I wouldnt pay much attention to the 'Economist' That publication singled out Ireland two years a go as the best country in the love to live in. Ignoring the fact that we have one of the worst public health systems in Europe, we were coming to the end of a property bubble and a recession and mass unemployment was beginning to take toll. We all knew here that the property market was going to collapse and with it the economy, Poland in many regards is a carbon copy of Ireland.

OK, I am an agent in Krakow and also assist foreigners to get mortgages in Poland.
I am biased, no doubt about it.
But no-one intelligent is going to believe your assertion that prices will fall by 50% in Krakow based on these 'facts' you have come up with.
No European property markets are looking healthy at the moment, and you dont need me to tell you why. Having said that though, the fundaments of the Polish economy remain strong, and there is still strong demand from Polish buyers. There is a wait and see approach from buyers at present, which is fair enough. But I can see that when good properties come on to the market at realistic prices, there are buyers for them. I know this from recent experience.

Ireland a few short years ago had one of the best economies in the world, far healthier than Polands and we experienced similar growth in the housing sector. Noboy 'intelligent' would have believed Irish house prices would fall by 50/70% either, but they are now expected to fall close to that amount until the market bottoms out. The simple fact is, most property bubbles continue for a 10 yr cycle and burst. How the landing will be after that burst, be it soft or hard depends on the structures in place by the goverment and the strength of the economy itself. Poland's housing bubble will of course collapse, as it has done here. More credit means more home ownership, consumer confidence, foreign economc investment, all will continue to push prices up there. When you see banks throwing money at people, or even the mention of 90 / 100% you can be sure Poland is in for very difficult times ahead. House prices in Poland arent a reflection of the market, they are way overpriced and that cant be sustained, thus people will be left with a lot of negative equity, tie that up when the inevitable world recession has a knock on effect there....well easy to comprehend. Im moving to krakow soon to be with my girlfriend. Everywhere I look there are new houses and evelopments being built, most on the back of heavy credt from thye bank. Poland is the new Ireland, and will have the same end inevitable result. I would guess that house prices there will begin to fall in the next couple of years and will bottom out sometime around 2011, so if I was to build a house it would be then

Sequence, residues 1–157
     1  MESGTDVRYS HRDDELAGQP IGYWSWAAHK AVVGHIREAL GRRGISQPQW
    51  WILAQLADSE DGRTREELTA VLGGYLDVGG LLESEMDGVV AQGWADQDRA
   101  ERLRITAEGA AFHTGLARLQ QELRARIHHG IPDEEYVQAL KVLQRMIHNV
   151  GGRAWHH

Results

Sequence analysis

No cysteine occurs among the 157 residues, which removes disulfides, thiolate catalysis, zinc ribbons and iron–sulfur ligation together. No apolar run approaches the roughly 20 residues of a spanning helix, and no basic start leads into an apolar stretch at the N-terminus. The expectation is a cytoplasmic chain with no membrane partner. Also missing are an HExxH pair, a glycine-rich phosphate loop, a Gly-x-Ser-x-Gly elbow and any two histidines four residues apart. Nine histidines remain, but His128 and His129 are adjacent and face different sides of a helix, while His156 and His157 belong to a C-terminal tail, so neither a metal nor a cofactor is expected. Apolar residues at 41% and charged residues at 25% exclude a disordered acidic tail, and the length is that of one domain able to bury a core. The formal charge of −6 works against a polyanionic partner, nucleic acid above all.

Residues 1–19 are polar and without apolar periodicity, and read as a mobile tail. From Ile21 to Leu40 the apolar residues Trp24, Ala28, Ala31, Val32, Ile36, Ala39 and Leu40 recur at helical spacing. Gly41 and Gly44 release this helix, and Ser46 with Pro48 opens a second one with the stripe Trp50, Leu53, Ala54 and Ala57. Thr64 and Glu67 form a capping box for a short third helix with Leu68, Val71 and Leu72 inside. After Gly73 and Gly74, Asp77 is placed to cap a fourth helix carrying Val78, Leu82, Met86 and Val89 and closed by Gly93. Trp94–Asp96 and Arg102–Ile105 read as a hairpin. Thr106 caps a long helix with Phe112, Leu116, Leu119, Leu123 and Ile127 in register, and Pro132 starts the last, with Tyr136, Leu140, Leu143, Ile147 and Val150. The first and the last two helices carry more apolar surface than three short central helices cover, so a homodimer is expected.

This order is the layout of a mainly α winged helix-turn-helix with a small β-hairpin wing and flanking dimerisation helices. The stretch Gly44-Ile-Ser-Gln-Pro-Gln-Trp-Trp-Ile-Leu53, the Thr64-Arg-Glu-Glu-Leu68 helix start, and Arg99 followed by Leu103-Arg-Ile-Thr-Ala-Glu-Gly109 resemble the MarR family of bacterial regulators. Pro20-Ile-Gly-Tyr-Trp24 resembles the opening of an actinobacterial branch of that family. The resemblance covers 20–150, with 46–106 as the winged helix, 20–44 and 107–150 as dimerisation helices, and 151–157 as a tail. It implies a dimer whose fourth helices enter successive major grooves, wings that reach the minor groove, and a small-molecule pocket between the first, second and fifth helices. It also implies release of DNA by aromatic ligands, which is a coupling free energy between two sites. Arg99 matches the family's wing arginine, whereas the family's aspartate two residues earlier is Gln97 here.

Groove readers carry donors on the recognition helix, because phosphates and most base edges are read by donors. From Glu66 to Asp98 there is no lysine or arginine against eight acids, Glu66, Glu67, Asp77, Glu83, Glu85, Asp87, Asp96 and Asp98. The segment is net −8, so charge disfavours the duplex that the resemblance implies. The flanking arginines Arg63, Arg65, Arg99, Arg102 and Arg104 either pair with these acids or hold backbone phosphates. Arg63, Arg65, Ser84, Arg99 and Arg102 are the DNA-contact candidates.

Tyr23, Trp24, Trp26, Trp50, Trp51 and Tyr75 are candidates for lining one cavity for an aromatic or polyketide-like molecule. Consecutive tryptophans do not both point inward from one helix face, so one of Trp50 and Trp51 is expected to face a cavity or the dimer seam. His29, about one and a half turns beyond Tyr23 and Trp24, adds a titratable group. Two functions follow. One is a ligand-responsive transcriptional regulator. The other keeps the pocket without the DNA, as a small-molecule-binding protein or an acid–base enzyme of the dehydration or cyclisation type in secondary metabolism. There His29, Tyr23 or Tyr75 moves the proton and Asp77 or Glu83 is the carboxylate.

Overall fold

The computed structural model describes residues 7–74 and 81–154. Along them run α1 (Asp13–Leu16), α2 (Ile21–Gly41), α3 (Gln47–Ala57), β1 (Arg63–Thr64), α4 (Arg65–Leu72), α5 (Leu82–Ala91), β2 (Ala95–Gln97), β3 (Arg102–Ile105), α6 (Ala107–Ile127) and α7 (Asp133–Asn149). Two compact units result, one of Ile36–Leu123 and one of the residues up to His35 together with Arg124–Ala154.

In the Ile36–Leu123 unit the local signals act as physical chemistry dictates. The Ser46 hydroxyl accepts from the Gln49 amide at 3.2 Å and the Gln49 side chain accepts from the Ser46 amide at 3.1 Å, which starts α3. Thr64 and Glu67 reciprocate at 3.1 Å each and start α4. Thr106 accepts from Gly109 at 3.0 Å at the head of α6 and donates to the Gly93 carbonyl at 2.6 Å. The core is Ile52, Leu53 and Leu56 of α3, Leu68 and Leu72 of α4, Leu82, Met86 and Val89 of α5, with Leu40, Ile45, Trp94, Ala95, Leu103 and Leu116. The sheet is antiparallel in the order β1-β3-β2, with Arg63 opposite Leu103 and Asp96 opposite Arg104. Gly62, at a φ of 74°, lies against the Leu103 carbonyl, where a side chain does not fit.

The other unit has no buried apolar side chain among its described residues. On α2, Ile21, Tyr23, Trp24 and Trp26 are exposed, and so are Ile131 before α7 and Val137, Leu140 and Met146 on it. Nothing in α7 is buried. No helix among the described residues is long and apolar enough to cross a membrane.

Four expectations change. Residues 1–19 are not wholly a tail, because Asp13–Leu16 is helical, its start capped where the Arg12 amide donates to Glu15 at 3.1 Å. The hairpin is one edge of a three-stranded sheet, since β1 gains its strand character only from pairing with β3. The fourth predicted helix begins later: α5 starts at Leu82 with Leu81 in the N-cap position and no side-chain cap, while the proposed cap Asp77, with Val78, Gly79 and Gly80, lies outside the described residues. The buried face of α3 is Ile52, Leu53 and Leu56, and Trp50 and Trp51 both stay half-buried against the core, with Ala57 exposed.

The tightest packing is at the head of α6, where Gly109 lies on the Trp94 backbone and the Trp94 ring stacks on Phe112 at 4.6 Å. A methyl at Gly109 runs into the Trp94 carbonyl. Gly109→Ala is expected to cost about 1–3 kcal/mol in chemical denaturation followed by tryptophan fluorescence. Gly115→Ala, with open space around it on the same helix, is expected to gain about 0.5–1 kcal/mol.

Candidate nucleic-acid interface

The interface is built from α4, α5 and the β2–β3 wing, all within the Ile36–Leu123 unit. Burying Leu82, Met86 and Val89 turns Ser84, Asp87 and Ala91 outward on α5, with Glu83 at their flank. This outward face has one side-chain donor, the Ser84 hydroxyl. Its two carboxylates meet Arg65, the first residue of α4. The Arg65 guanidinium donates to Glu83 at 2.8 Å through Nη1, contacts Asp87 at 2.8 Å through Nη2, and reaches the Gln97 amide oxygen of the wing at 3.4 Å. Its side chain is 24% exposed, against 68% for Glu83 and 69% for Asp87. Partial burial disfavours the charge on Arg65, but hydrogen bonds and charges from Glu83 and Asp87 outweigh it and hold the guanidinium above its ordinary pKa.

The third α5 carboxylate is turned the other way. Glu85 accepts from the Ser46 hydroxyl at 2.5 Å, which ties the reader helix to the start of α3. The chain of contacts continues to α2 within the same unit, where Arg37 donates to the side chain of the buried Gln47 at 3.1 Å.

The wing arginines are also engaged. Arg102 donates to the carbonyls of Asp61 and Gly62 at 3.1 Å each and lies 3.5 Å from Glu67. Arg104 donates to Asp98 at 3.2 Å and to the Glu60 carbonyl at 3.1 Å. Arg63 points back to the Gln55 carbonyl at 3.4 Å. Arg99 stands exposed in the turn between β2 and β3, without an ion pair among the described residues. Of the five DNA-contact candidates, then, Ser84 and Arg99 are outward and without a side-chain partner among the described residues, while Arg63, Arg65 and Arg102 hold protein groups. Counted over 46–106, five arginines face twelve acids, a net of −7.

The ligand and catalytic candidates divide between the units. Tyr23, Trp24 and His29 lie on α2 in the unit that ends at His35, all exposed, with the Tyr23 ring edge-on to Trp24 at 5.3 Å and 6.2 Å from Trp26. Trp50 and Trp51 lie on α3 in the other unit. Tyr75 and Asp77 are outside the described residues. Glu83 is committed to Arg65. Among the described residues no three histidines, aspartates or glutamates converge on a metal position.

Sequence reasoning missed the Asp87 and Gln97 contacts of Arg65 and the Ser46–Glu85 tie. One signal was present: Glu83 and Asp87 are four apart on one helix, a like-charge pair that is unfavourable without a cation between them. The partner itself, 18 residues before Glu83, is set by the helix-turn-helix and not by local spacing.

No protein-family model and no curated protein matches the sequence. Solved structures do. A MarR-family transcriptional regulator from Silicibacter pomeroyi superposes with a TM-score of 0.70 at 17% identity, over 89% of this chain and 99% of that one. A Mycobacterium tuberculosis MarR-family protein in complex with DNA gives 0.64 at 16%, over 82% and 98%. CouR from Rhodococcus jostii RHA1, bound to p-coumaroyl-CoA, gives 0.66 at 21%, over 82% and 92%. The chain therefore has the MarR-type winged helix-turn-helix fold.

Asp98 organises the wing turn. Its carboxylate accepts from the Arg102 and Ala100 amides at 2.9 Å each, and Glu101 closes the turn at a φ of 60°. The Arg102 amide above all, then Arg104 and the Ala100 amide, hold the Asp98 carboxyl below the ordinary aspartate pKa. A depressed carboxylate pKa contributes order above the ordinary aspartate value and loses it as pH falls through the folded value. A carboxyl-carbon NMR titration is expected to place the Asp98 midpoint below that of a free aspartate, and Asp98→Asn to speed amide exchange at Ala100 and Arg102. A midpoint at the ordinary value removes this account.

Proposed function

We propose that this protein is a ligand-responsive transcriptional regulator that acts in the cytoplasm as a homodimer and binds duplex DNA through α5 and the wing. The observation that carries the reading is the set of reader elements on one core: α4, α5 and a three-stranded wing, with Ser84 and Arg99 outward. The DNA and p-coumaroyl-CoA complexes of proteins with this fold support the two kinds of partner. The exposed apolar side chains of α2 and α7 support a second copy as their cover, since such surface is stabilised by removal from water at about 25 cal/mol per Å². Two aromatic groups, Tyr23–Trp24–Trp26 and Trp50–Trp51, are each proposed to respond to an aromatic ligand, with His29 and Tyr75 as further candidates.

OK, I am an agent in Krakow and also assist foreigners to get mortgages in Poland.